Do one thing every day that scares you.


Don't be reckless with other people's hearts. Don't put up with people who are reckless with yours.


Don't waste your time on jealousy. Sometimes you're ahead, sometimes you're behind. The race is long and, in the end, it's only with yourself.

Remember compliments you receive. Forget the insults. If you succeed in doing this, tell me how.

Keep your old love letters. Throw away your old bank statements.


Don't feel guilty if you don't know what you want to do with your life. The most interesting people I know didn't know at 22 what they wanted to do with their lives. Some of the most interesting 40-year-olds I know still don't.

Get plenty of calcium. Be kind to your knees. You'll miss them when they're gone.

Maybe you'll marry, maybe you won't. Maybe you'll have children, maybe you won't. Maybe you'll divorce at 40, maybe you'll dance the funky chicken on your 75th wedding anniversary. Whatever you do, don't congratulate yourself too much, or berate yourself either. Your choices are half chance. So are everybody else's.

Enjoy your body. Use it every way you can. Don't be afraid of it or of what other people think of it. It's the greatest instrument you'll ever own.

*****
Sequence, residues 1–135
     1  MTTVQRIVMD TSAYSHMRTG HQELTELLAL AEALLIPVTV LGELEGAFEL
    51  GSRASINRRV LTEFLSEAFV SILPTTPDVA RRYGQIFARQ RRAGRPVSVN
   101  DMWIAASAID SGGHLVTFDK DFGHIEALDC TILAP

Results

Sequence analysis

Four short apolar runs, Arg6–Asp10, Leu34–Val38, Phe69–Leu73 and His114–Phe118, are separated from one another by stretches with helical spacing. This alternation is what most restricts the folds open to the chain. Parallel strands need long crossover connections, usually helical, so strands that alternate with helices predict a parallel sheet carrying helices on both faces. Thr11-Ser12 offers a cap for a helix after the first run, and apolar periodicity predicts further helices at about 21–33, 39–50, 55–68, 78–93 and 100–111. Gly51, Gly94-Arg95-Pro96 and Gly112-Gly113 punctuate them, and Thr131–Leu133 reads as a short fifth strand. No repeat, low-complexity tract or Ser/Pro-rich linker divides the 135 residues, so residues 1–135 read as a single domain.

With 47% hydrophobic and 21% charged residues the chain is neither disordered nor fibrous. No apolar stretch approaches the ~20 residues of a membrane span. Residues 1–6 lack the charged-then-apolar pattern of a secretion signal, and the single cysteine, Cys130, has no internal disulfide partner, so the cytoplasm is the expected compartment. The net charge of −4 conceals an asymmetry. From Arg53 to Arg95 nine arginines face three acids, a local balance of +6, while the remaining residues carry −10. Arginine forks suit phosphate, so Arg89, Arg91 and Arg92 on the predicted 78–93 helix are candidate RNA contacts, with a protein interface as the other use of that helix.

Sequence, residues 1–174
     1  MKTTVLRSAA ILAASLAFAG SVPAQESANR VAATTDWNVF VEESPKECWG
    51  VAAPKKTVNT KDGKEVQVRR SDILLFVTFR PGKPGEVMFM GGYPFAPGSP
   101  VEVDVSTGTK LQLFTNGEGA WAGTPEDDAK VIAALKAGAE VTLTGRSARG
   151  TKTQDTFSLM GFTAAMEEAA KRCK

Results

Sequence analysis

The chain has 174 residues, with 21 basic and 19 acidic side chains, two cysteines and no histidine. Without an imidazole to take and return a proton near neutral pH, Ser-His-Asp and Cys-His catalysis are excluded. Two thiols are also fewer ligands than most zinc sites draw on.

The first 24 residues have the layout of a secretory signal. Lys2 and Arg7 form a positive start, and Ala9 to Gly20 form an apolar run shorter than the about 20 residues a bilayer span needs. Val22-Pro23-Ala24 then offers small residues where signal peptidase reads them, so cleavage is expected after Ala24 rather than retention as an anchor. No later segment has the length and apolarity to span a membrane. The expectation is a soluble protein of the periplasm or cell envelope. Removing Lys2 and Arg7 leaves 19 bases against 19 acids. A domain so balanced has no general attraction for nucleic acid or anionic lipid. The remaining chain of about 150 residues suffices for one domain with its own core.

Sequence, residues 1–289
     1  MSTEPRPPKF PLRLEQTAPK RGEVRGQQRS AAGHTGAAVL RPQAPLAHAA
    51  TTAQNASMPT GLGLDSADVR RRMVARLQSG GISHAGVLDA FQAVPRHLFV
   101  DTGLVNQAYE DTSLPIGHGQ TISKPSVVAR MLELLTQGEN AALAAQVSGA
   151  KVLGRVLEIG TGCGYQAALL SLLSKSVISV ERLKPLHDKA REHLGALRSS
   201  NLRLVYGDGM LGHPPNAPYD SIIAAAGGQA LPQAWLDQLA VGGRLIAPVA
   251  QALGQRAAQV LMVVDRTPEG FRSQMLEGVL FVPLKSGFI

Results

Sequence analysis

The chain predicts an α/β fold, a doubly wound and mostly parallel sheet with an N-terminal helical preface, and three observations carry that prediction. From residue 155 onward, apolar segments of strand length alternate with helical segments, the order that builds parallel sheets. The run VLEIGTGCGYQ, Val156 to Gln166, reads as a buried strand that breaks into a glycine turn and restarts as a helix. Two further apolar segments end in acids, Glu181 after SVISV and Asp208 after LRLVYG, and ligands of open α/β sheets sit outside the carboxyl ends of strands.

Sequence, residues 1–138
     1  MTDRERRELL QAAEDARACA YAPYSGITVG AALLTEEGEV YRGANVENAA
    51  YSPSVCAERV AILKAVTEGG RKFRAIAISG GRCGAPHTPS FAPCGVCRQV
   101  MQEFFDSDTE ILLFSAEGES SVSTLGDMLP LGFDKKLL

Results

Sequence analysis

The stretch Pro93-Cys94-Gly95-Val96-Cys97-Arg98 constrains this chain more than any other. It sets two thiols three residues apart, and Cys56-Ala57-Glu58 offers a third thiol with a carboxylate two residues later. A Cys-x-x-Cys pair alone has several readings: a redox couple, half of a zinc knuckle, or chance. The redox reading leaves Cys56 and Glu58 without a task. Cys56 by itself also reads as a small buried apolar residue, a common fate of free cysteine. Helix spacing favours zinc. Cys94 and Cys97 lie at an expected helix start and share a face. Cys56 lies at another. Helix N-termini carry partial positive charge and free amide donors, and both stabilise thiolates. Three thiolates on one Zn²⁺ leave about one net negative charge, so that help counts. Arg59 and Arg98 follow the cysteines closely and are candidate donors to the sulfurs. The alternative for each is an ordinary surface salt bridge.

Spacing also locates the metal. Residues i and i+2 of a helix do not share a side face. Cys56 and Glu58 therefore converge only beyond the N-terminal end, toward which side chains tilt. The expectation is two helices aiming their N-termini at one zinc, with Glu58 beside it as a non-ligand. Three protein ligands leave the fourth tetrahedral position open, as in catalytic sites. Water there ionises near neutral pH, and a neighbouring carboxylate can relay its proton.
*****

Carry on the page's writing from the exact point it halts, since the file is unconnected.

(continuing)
Dance, even if you have nowhere to do it but your living room.

Read the directions, even if you don't follow them.

Do not read beauty magazines. They will only make you feel ugly.

Get to know your parents. You never know when they'll be gone for good. Be nice to your siblings. They're your best link to your past and the people most likely to stick with you in the future.

Understand that friends come and go, but with a precious few you should hold on. Work hard to bridge the gaps in geography and lifestyle, because the older you get, the more you need the people who knew you when you were young.

Live in New York City once, but leave before it makes you hard. Live in Northern California once, but leave before it makes you soft. Travel.

Accept certain inalienable truths: Prices will rise. Politicians will philander. You, too, will get old. And when you do, you'll fantasize that when you were young, prices were reasonable, politicians were noble, and children respected their elders.

Respect your elders.

Don't expect anyone else to support you. Maybe you have a trust fund. Maybe you'll have a wealthy spouse. But you never know when either one might run out.

Don't mess too much with your hair or by the time you're 40 it will look 85.

Be careful whose advice you buy, but be patient with those who supply it. Advice is a form of nostalgia. Dispensing it is a way of fishing the past from the disposal, wiping it off, painting over the ugly parts and recycling it for more than it's worth.

But trust me on the sunscreen."

Author: Mary Schmich (USA)
First published: July 1, 1997
Copyright: Herald Tribune

Kurt Vonnegut's Commencement Address at MIT - the speech Vonnegut never delivered -
Have you seen the film of the book?

It's called Red Cliff :)